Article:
By Edgar Rice Burroughs

Page 19

discovered what seemed might prove a feasible pass
we moved our belongings to a new hut farther up.

It was hard work--cold, bitter, cruel work. Not a step did we take in
advance but the grim reaper strode silently in our tracks.

There were the great cave bears in the timber, and gaunt, lean
wolves--huge creatures twice the size of our Canadian timber-wolves.
Farther up we were assailed by enormous white bears--hungry, devilish
fellows, who came roaring across the rough glacier tops at the first
glimpse of us, or stalked us stealthily by scent when they had not yet
seen us.

It is one of the peculiarities of life within Pellucidar that man is
more often the hunted than the hunter. Myriad are the huge-bellied
carnivora of this primitive world. Never, from birth to death, are
those great bellies sufficiently filled, so always are their mighty
owners prowling about in search of meat.

Terribly armed for battle as they are, man presents to them in his
primal state an easy prey, slow of foot, puny of strength, ill-equipped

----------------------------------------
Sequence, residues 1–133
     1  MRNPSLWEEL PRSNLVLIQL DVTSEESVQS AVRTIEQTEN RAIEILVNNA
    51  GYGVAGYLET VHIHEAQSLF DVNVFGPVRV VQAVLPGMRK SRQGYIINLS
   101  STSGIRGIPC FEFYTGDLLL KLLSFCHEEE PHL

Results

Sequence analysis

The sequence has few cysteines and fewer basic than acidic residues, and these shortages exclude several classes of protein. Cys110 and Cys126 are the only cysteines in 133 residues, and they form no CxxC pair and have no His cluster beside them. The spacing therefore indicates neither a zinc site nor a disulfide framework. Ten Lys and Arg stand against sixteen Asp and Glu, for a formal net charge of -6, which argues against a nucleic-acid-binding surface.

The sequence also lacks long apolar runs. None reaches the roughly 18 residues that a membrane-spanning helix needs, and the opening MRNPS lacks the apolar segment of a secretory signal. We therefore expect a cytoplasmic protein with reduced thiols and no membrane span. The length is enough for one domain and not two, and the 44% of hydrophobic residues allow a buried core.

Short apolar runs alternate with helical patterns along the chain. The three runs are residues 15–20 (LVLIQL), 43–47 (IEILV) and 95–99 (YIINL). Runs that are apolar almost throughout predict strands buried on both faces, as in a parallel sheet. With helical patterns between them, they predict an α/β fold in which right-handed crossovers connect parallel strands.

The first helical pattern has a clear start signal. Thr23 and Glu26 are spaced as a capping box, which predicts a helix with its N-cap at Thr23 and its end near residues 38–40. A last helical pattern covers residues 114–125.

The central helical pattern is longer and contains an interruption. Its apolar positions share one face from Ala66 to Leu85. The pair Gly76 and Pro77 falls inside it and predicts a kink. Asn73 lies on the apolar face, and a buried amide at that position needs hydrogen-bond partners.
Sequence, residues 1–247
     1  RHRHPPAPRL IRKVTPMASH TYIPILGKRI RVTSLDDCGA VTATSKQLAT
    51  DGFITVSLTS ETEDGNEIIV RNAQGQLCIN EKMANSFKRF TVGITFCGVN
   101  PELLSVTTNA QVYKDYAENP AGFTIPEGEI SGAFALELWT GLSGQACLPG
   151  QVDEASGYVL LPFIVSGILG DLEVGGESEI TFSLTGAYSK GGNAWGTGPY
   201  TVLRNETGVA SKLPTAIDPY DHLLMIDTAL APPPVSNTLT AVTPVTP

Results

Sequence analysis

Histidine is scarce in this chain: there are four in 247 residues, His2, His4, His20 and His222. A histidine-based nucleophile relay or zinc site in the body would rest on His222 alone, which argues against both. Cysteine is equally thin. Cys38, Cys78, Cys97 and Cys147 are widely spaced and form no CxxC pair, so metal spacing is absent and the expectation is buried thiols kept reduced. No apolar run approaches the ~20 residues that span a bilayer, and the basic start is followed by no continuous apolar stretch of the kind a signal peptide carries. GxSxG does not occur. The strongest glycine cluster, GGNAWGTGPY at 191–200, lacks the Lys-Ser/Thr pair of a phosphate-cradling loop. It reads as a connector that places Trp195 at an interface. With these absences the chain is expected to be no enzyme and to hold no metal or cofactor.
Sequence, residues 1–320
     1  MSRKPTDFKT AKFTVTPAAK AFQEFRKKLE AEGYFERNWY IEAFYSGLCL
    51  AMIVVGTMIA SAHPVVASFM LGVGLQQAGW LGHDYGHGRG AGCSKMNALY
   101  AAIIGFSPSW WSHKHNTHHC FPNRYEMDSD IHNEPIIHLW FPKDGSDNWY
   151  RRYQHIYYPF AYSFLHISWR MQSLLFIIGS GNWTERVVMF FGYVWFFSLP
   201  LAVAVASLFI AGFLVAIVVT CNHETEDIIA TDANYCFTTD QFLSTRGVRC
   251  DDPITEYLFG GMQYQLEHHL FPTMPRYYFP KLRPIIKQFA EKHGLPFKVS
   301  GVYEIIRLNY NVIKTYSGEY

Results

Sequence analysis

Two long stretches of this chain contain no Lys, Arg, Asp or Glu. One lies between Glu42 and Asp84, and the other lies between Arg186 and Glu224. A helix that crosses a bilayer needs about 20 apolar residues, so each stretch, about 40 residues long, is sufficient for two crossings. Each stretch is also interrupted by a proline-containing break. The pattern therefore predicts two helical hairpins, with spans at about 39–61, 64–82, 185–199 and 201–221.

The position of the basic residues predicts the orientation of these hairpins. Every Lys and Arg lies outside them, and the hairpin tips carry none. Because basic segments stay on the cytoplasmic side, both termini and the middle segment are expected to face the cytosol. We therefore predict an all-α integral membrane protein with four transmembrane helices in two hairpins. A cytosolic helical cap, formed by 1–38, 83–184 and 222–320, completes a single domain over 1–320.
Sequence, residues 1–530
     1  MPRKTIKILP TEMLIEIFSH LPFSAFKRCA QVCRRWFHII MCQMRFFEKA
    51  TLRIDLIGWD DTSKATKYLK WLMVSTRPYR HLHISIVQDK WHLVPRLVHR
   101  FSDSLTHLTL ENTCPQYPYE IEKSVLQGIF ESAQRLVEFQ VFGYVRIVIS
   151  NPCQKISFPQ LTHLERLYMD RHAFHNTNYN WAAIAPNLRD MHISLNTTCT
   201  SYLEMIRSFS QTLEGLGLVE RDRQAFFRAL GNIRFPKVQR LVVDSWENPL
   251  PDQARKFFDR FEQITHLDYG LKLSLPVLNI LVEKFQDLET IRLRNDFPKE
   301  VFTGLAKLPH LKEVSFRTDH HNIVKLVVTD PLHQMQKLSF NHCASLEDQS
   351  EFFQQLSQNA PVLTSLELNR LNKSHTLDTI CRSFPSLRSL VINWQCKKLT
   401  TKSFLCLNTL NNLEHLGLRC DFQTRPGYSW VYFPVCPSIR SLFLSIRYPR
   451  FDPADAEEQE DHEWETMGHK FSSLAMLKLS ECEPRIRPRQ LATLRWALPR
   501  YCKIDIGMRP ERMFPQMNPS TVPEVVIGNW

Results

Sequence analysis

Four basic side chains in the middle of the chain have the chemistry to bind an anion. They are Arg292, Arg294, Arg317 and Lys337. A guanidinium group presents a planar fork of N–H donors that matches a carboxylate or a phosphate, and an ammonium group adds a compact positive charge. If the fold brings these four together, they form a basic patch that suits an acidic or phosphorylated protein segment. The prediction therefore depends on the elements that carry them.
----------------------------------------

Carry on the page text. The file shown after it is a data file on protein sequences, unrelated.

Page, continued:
by nature with natural weapons of defense.

The bears looked upon us as easy meat. Only our heavy rifles saved us
from prompt extinction. Poor Perry never was a raging lion at heart,
and I am convinced that the terrors of that awful period must have
caused him poignant mental anguish.

When we were abroad pushing our trail farther and farther toward the
distant break which, we assumed, marked a feasible way across the
range, we never knew at what second some great engine of clawed and
fanged destruction might rush upon us from behind, or lie in wait for
us beyond an ice-hummock or a jutting shoulder of the craggy steeps.

The roar of our rifles was constantly shattering the world-old silence
of stupendous canons upon which the eye of man had never before gazed.
And when in the comparative safety of our hut we lay down to sleep the
great beasts roared and fought without the walls, clawed and battered
at the door, or rushed their colossal frames headlong against the hut's
sides until it rocked and trembled to the impact.

Yes, it was a gay life.

Perry had got to taking stock of our ammunition each time we returned
to the hut. It became something of an obsession with him.

He'd count our cartridges one by one and then try to figure how long it
would be before the last was expended and we must either remain in the
hut until we starved to death or venture forth, empty, to fill

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